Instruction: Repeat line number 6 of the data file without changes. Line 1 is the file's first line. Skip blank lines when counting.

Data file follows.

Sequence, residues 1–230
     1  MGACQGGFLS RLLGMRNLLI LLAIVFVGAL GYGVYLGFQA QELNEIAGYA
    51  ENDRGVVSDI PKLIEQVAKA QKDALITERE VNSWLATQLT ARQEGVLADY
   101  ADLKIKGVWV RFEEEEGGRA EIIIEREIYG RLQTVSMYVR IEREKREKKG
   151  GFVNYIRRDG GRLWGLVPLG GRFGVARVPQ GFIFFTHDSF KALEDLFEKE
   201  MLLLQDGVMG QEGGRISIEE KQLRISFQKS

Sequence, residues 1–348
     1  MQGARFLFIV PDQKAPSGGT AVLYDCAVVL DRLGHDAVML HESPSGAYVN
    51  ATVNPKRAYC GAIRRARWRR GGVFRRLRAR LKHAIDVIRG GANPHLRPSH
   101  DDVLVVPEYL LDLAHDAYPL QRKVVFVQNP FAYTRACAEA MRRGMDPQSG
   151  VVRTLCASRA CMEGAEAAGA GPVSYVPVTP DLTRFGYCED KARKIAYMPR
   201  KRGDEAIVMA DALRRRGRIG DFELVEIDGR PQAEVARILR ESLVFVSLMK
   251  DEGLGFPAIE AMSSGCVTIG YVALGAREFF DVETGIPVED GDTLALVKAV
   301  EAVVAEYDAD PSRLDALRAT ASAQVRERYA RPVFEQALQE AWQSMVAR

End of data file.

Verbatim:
   201  MLLLQDGVMG QEGGRISIEE KQLRISFQKS